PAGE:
On the way back from his hotel, I ran into another problem. Two
prostitutes sidled up to me, and the one to the right of me started
rubbing my buttocks.  I guess they knew I was a delegate.  I don't
think they were Czechs.  They looked like Italians.  Maybe they came
in with the Italian protesters, since we heard that the Czech security
had driven most of the regular prostitutes out of the city.  So that
evening, it was a question of who got to the delegates first, the
prostitutes or the protesters.  If you were lucky, you got pleasure.
If you were unlucky, you got pain.  In any case, we never got to the
price.  I ran away: who knows, they might have been protesters in

Whose Side Are You on?  

The following day, very few people went to the Congress Center.  Most
stayed away. They just stayed in their hotel rooms. They didn't even
want to go out.  But those who did still went out in their suits.  I
couldn't figure that out.  Those of us who were brave enough to go to
the Center had to go by a completely different route.  Our bus stayed
at the back of a tram and it followed this all the way.  This was fine
with me because I hadn't seen the sights of Prague, and the city was
beautiful.  At the conference center, I got to talking to the student
guides.  They really didn't know what was happening.  These kids
actually didn't know who to side with--the protesters or the
delegates?  They just wished the whole thing would end.  By the way, I
noted this attitude even with the police.  Whenever I asked the police
for directions, they very seldom answered me.  I had a sense that they
were just as wary of the delegates as they were of the protesters.  I
think one personal dilemma that both the students and the police had
was that they were too young to have experienced the protests of late
eighties and didn't know what to do about it.

As you know, the meeting got cut by a day.  During the press
conference the next day, they denied that the protests were the
reason.  They actually said the reason was that things had run so
efficiently that they were able to compress everything into two days.
The press laughed at this.

End of the Affair  

The real conclusion was the press conference the following day, the
28th. At this press conference, both Wolfensohn and Koehler were there
to field questions and answers.  There was a corps of press reporters
keen to pounce on them. The questions from the first were quite
pointed. Ranging from very specific to very basic. For instance one
reporter from India asked Wolfensohn and Koehler that they had been
accused of causing so much misery in the Third World and what did they
have to say about that.  Wolfensohn said, I don't think I am
responsible for all that, and if you think so, you're misinformed.
But the whole conference was dominated by questions about the protest
and not issues.  Which means, at least from my perspective, that the
objective of the protests had been achieved.  They had really
distracted the proceedings.

A number of the press people said the annual meeting was obsolete and
out of control and what did the IMF and WB want to do about this.
Wolfensohn responded that although they could have virtual meetings,
the personal interaction was still quite important.  So that the Bank
would actually continue to have annual meetings.  Wolfensohn and
Koehler insisted that they had `gotten through' to the NGOss and
pictured the Saturday debate at Prague Castle as a big success for
them.  On the other hand, from my experience watching Wolfensohn for
several years, he appeared to be very tired.  It seems he had run out
of things to say and even his statements to the press were very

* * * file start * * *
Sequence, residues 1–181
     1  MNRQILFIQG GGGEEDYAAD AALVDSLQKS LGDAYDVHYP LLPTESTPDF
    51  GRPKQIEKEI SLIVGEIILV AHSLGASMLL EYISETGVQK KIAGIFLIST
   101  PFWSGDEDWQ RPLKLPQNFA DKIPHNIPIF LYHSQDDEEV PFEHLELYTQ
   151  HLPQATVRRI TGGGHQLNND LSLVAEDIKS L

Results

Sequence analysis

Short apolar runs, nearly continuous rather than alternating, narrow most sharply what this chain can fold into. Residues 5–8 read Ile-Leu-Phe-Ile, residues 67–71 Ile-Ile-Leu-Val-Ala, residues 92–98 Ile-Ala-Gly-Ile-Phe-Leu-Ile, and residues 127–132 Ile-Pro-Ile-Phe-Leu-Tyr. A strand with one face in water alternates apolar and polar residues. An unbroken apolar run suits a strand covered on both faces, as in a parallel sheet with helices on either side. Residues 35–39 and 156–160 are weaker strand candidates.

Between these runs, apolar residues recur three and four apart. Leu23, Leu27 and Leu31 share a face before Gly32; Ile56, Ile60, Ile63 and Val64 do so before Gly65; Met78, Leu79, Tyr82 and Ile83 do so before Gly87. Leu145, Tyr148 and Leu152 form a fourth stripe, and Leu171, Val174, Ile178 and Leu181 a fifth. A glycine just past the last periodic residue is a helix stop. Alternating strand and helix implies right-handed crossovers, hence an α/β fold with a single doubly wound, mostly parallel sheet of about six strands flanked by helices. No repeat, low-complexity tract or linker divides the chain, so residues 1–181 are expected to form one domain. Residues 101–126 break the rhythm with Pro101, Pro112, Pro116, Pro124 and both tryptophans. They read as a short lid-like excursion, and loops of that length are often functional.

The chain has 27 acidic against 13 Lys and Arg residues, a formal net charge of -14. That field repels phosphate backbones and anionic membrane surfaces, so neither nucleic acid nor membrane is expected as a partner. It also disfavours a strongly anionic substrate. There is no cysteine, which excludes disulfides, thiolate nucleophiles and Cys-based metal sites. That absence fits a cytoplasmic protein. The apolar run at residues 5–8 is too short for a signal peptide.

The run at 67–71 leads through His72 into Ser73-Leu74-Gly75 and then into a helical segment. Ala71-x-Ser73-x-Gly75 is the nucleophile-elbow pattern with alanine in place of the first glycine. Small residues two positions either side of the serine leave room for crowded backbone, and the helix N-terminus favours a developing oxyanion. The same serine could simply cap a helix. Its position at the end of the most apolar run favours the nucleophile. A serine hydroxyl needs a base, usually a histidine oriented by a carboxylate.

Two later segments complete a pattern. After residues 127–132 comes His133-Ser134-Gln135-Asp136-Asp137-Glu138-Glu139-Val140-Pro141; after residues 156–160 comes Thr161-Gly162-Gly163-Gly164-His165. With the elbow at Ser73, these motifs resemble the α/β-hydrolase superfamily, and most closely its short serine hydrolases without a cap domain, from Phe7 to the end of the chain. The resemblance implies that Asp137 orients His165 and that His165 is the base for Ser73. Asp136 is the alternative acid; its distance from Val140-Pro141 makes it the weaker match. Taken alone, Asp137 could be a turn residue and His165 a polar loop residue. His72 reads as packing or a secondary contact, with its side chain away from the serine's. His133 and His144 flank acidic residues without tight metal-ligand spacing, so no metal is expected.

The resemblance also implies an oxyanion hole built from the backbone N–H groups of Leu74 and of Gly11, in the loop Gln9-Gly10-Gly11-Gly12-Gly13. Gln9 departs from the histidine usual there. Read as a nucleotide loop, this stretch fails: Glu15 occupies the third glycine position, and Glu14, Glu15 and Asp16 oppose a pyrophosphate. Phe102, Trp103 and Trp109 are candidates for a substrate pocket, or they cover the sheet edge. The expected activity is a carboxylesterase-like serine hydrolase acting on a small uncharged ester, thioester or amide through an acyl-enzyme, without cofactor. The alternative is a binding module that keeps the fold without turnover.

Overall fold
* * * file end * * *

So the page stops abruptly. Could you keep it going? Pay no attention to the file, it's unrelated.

uninspired.  He didn't look like the `Elvis' Bono described him to be.
He appeared to be much less enthusiastic.  He was repeating many of
the old formulas.  Maybe the futility of it all had finally gotten to
him.  As for Koehler, he was upbeat and very light.  No, light is not
the word.  He appeared to be very naive, that's what I want to say.  I
don't think it's just his lack of mastery of English.  He was talking
like a college student about the issues, repeating the same line about
him not being a banker but somebody with a heart.  Both of them said
that the violence had come from a very, very small minority, and that
the majority of the protesters were really there because they had
something to say.  And there were a lot of legitimate arguments being
made by them.  And that the WB and the IMF would now pay greater focus
to their concerns.  It was very difficult for me to distinguish
between reality and rhetoric because all the time Wolfensohn was
playing with his watch.  From my vantage point, in the end, the agenda
had been taken over by the protesters.  I think Prague created quite
an impression with the World Bank-IMF bureaucracy, although this is a
much more entrenched bureaucracy than the WTO.  I sensed that after
Prague, the words of civil society will be taken much more seriously,
but whether this will mean real dialogue we still have to find out.

The Desert Beckons  

The next two annual meetings will be in Washington and the third one
will be in Dubai.  And the head of the Dubai organizing committee said
that the temperature would be higher in Dubai than in Prague! He was
saying basically that prior to the Prague proceedings, he didn't
foresee problems in Dubai, but after this, there has to be some
rethinking. So it's three years away but the impact is already there.
I have a feeling that when the WB-IMF bureaucracy assesses Prague they
will wind down the annual meetings. Because their only function is for
governors to deliver their speeches, and more and more governors now
simply submit written speeches. So I think more and more they will
turn it into a virtual meeting.

And they will probably try to separate the unofficial events from the
official meeting.  Because what is most significant about these
meetings are the informal business parties. There were at least 15
lavish parties given by the commercial banks for the delegates.  Very,
very lavish.  For many delegates, those were the prime events of the
conference.  The actual official functions were just pro forma.  If I
were a protester, by the way, I would have gone to these venues
because they were not secured at all.  These were the events that
everyone went to in the evenings.  These were very open venues. And
they were listed in the schedule.  Now, that would really have stopped
the real business of the conference.